The Stacks project

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10.130 Differentials

In this section we define the module of differentials of a ring map.

Definition 10.130.1. Let $\varphi : R \to S$ be a ring map and let $M$ be an $S$-module. A derivation, or more precisely an $R$-derivation into $M$ is a map $D : S \to M$ which is additive, annihilates elements of $\varphi (R)$, and satisfies the Leibniz rule: $D(ab) = aD(b) + bD(a)$.

Note that $D(ra) = rD(a)$ if $r \in R$ and $a \in S$. An equivalent definition is that an $R$-derivation is an $R$-linear map $D : S \to M$ which satisfies the Leibniz rule. The set of all $R$-derivations forms an $S$-module: Given two $R$-derivations $D, D'$ the sum $D + D' : S \to M$, $a \mapsto D(a)+D'(a)$ is an $R$-derivation, and given an $R$-derivation $D$ and an element $c\in S$ the scalar multiple $cD : S \to M$, $a \mapsto cD(a)$ is an $R$-derivation. We denote this $S$-module

\[ \text{Der}_ R(S, M). \]

Also, if $\alpha : M \to N$ is an $S$-module map, then the composition $\alpha \circ D$ is an $R$-derivation into $N$. In this way the assignment $M \mapsto \text{Der}_ R(S, M)$ is a covariant functor.

Consider the following map of free $S$-modules

\[ \bigoplus \nolimits _{(a, b)\in S^2} S[(a, b)] \oplus \bigoplus \nolimits _{(f, g)\in S^2} S[(f, g)] \oplus \bigoplus \nolimits _{r\in R} S[r] \longrightarrow \bigoplus \nolimits _{a\in S} S[a] \]

defined by the rules

\[ [(a, b)] \longmapsto [a + b] - [a] - [b],\quad [(f, g)] \longmapsto [fg] -f[g] - g[f],\quad [r] \longmapsto [\varphi (r)] \]

with obvious notation. Let $\Omega _{S/R}$ be the cokernel of this map. There is a map $\text{d} : S \to \Omega _{S/R}$ which maps $a$ to the class $\text{d}a$ of $[a]$ in the cokernel. This is an $R$-derivation by the relations imposed on $\Omega _{S/R}$, in other words

\[ \text{d}(a + b) = \text{d}a + \text{d}b, \quad \text{d}(fg) = f\text{d}g + g\text{d}f, \quad \text{d}r = 0 \]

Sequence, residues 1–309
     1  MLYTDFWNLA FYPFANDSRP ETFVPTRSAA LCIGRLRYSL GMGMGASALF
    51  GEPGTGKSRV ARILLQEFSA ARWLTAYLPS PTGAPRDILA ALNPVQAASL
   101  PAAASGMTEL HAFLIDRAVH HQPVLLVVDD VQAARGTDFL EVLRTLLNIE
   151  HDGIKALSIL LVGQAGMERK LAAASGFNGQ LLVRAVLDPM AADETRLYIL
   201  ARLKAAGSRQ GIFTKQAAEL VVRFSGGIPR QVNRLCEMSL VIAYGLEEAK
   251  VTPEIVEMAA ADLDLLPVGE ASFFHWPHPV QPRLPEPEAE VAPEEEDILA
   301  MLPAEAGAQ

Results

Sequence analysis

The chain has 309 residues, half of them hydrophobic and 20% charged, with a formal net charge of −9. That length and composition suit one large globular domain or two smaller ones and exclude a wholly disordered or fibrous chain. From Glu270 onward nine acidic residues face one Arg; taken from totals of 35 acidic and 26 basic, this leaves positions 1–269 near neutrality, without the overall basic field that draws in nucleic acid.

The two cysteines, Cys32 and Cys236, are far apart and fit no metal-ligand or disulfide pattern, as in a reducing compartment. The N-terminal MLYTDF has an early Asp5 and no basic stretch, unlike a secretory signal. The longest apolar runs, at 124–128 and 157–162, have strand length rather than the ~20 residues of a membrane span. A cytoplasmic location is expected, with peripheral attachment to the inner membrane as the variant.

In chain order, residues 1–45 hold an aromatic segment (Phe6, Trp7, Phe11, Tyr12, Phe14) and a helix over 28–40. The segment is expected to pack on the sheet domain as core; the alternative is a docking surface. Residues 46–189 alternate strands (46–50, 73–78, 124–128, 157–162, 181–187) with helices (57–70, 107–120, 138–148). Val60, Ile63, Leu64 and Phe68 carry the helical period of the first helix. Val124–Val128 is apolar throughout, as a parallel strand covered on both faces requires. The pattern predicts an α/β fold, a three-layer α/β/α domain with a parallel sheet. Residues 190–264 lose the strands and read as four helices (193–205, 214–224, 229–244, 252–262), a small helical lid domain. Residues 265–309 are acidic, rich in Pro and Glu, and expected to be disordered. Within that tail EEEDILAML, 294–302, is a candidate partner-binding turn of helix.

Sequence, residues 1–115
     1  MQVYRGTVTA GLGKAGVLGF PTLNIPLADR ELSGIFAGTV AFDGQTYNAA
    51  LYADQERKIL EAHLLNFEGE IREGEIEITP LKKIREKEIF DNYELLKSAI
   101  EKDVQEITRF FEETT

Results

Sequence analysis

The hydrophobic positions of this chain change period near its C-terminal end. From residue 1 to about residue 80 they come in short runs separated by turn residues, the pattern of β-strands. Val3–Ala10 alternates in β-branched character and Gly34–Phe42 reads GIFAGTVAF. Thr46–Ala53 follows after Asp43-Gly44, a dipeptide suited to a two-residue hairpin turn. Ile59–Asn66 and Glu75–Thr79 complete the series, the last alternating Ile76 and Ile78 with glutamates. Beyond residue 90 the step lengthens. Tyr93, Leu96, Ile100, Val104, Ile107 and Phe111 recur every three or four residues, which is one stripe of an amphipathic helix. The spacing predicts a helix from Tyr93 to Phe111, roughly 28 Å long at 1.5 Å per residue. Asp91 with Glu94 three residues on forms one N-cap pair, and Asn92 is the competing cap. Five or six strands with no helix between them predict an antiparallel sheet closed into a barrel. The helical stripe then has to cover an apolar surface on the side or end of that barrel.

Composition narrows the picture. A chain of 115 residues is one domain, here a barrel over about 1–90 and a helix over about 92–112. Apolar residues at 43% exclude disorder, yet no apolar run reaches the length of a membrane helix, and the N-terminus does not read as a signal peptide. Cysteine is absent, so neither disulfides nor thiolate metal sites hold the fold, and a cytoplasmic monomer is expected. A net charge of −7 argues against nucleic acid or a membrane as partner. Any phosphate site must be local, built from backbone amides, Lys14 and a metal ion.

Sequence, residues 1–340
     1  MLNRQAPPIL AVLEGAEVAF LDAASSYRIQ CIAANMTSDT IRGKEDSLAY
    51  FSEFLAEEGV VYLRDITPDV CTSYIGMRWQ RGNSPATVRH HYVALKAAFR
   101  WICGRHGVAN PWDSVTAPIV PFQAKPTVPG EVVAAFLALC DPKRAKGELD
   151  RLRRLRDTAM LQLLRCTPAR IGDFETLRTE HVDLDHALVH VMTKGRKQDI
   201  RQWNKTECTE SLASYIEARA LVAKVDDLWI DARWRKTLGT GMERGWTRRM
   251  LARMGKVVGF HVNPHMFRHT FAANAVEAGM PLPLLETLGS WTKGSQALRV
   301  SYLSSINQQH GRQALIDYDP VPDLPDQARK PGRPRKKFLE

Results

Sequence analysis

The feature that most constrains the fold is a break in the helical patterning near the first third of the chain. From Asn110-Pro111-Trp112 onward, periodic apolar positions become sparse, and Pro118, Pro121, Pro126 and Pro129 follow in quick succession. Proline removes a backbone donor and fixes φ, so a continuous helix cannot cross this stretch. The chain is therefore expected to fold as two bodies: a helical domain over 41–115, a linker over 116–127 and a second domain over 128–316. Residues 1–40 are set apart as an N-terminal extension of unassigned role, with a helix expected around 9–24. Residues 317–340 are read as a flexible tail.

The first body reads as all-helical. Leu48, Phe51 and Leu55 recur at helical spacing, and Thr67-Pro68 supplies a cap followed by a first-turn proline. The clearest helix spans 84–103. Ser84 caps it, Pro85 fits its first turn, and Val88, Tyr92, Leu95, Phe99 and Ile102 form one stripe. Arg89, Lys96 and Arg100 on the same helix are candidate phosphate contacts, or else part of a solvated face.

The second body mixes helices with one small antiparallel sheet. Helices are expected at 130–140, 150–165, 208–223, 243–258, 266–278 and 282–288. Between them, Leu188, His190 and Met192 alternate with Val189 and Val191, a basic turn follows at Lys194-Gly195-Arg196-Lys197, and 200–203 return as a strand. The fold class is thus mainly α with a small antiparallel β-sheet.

where $a,b,f,g \in S$ and $r \in R$.

Definition 10.130.2. The pair $(\Omega _{S/R}, \text{d})$ is called the module of Kähler differentials or the module of differentials of $S$ over $R$.

slogan

Lemma 10.130.3. The module of differentials of $S$ over $R$ has the following universal property. The map

\[ \mathop{\mathrm{Hom}}\nolimits _ S(\Omega _{S/R}, M) \longrightarrow \text{Der}_ R(S, M), \quad \alpha \longmapsto \alpha \circ \text{d} \]

is an isomorphism of functors.

Proof. By definition an $R$-derivation is a rule which associates to each $a \in S$ an element $D(a) \in M$. Thus $D$ gives rise to a map $[D] : \bigoplus S[a] \to M$. However, the conditions of being an $R$-derivation exactly mean that $[D]$ annihilates the image of the map in the displayed presentation of $\Omega _{S/R}$ above. $\square$

Lemma 10.130.4. Let $I$ be a directed set. Let $(R_ i \to S_ i, \varphi _{ii'})$ be a system of ring maps over $I$, see Categories, Section 4.21. Then we have

\[ \Omega _{S/R} = \mathop{\mathrm{colim}}\nolimits _ i \Omega _{S_ i/R_ i}. \]

where $R \to S = \mathop{\mathrm{colim}}\nolimits (R_ i \to S_ i)$.

Proof. This is clear from the presentation of $\Omega _{S/R}$ given above. $\square$

Lemma 10.130.5. Suppose that $R \to S$ is surjective. Then $\Omega _{S/R} = 0$.

Proof. You can see this either because all $R$-derivations clearly have to be zero, or because the map in the presentation of $\Omega _{S/R}$ is surjective. $\square$

Suppose that

10.130.5.1
\begin{equation} \label{algebra-equation-functorial-omega} \vcenter { \xymatrix{ S \ar[r]_\varphi & S' \\ R \ar[r]^\psi \ar[u]^\alpha & R' \ar[u]_\beta } } \end{equation}

is a commutative diagram of rings. In this case there is a natural map of modules of differentials fitting into the commutative diagram

\[ \xymatrix{ \Omega _{S/R} \ar[r] & \Omega _{S'/R'} \\ S \ar[u]^{\text{d}} \ar[r]^{\varphi } & S' \ar[u]_{\text{d}} } \]

To construct the map just use the obvious map between the presentations for $\Omega _{S/R}$ and $\Omega _{S'/R'}$. Namely,